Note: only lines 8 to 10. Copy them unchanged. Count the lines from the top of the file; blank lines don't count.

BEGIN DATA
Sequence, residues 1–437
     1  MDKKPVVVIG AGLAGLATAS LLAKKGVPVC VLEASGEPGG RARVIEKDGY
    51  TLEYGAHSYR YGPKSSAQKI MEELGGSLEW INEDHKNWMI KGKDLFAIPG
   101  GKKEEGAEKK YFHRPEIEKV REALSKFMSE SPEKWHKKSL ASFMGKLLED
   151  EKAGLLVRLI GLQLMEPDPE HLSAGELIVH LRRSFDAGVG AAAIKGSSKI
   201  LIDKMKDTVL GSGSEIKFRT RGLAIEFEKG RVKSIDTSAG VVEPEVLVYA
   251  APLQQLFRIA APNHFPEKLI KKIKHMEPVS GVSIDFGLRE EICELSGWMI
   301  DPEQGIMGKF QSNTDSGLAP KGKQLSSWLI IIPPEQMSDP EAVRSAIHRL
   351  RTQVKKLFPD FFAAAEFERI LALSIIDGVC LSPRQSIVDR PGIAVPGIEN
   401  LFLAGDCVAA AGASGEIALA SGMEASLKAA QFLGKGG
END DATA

   301  DPEQGIMGKF QSNTDSGLAP KGKQLSSWLI IIPPEQMSDP EAVRSAIHRL
   351  RTQVKKLFPD FFAAAEFERI LALSIIDGVC LSPRQSIVDR PGIAVPGIEN
   401  LFLAGDCVAA AGASGEIALA SGMEASLKAA QFLGKGG